Breonna Taylor’s sister and officer who fired fatal shot testify in Hankison’s federal trial
Prosecutors in the federal trial of former Louisville Metro police detective Brett Hankison called prominent witnesses to the stand Friday: Breonna Taylor’s younger sister, Ju’Niyah Palmer, former detective Myles Cosgrove and deputy police chief Paul Humphrey.
Hankison is facing two civil rights charges related to his actions during the raid on Taylor’s home, in which police shot and killed the 26-year-old emergency room technician.
Hankison fired ten shots through Taylor’s window and sliding glass door, which prosecutors say were completely covered by blinds and curtains. Some of his bullets traveled through a shared wall and into a neighboring apartment occupied by a pregnant woman, her boyfriend and her five-year-old son. None of them struck Taylor.
Palmer said Taylor was “her closest friend.” She had lived with Taylor in her South End apartment since 2017, but she was not there the night of the shooting.
She described the home, including the vertical blinds and blackout curtains that covered the sliding glass door and her bedroom window.
“You would have to literally open it to see anything on the patio or the parking lot,” Palmer said.
She said she and Taylor both worked night shifts, so they always kept the windows covered.
Palmer said she went back into the apartment about a week after the raid and found it was destroyed.
“It was very messy, so my first thing was that my sister would have had a panic attack,” Palmer said. “But also it wasn’t right to be home when my sister wouldn’t be there anymore.”
Prosecutors showed jurors evidence photos of the apartment from after the shooting. Palmer pointed out the bullet holes in the patio door, the dining room wall and chairs, and her shower. A spent bullet sat next to her bath products.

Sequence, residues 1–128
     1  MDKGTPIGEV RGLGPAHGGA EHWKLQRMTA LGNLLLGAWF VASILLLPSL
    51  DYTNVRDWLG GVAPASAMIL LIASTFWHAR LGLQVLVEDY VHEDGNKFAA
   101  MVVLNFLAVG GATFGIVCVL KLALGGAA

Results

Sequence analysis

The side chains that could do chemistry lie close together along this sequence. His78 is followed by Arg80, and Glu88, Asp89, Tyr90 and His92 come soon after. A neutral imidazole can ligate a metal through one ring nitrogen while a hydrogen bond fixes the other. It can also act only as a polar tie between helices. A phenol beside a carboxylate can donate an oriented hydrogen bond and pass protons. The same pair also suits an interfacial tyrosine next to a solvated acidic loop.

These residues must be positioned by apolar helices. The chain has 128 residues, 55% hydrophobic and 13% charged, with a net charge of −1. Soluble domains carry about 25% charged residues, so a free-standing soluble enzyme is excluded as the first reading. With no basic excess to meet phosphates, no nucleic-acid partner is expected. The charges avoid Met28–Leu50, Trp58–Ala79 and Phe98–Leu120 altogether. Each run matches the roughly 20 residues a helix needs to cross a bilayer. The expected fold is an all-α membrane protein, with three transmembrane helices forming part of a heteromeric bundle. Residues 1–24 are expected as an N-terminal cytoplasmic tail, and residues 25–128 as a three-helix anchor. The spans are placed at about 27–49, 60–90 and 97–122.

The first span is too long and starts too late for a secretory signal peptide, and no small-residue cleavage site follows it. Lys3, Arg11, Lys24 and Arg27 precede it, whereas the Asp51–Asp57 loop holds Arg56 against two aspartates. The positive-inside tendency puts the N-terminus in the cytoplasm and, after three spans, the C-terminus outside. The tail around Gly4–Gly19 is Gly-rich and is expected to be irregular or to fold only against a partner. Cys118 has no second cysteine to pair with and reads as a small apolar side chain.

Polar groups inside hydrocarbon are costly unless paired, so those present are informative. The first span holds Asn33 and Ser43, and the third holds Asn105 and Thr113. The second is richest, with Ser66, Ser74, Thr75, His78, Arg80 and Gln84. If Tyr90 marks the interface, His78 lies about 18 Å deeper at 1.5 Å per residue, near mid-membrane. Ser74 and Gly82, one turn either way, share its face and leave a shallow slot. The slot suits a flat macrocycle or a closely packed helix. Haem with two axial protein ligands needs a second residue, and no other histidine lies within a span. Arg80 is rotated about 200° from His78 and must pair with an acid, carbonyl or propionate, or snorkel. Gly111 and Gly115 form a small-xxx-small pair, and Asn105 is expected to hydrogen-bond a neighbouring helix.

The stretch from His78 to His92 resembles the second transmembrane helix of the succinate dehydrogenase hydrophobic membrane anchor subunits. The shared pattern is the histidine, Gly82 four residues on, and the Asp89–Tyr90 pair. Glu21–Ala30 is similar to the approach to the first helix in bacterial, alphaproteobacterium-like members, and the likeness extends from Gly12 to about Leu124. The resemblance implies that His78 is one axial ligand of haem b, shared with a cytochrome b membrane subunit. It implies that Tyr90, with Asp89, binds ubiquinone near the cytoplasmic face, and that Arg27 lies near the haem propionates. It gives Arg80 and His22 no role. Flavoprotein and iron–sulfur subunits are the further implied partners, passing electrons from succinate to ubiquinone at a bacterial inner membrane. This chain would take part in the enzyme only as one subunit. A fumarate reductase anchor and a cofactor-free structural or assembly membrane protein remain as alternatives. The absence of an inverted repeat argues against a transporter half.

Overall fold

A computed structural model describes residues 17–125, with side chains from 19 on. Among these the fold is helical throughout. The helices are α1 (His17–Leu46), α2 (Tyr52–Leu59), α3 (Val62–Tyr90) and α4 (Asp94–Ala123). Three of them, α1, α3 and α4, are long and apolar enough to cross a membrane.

“It’s a possibility that I could have been shot, my goddaughter could have been shot,” Palmer said, referring to a young child who frequently stayed over. “It could have been a lot different.”
Hankison’s defense attorneys latched onto one evidence photo that showed the window of Palmer’s bedroom.
There was a large strip of light above her window where the curtain was pulled down, revealing the top of the glass. Her bed was nearly turned on its side.
Palmer said that wasn’t how she left it, and the defense pointed out that she didn’t know how the curtain came down.
During his trial in state court last year, Hankison said he could see a muzzle flash through the windows of Taylor’s apartment, which was the target he shot at.
Hankison’s attorneys also brought up Taylor’s ex-boyfriend, Jamarcus Glover, whose alleged drug dealing operations were the reason for the raid on Taylor’s apartment. Palmer said the last time she saw him at Taylor’s apartment was November 2019, four months before the raid. She said he didn’t come around very often and never spent the night.
Officer who killed Taylor takes the stand
Following Palmer’s testimony, prosecutors called Myles Cosgrove to the stand. He fired the bullets that killed Taylor, according to an FBI ballistics report.
Prosecutors had promised during their opening statement that Cosgrove would testify that Hankison’s actions that night were dangerous. That’s exactly what he did.
Cosgrove confirmed what Palmer and prosecutors have alleged: that there was drapery covering the sliding glass door and windows of Taylor’s apartment. He said he tried to shine his flashlight into the window as officers approached.